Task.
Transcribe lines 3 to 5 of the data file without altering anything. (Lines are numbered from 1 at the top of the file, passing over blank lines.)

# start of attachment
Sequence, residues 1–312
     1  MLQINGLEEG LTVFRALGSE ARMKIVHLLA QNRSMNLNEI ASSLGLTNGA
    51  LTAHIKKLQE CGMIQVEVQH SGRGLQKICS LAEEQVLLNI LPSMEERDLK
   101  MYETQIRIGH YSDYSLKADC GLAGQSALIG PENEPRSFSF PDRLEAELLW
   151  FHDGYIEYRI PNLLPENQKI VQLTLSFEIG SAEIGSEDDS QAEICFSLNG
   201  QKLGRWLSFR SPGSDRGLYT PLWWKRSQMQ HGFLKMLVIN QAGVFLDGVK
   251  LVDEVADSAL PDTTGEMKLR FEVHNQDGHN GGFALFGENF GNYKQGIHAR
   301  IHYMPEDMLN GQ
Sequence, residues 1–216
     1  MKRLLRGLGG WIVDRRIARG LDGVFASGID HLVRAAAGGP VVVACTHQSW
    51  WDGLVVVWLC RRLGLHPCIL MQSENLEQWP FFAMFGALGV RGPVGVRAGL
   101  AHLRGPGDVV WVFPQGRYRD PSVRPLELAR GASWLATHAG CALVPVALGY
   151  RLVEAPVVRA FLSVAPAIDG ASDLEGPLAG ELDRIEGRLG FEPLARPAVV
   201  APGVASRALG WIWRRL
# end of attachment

    51  LTAHIKKLQE CGMIQVEVQH SGRGLQKICS LAEEQVLLNI LPSMEERDLK
   101  MYETQIRIGH YSDYSLKADC GLAGQSALIG PENEPRSFSF PDRLEAELLW
   151  FHDGYIEYRI PNLLPENQKI VQLTLSFEIG SAEIGSEDDS QAEICFSLNG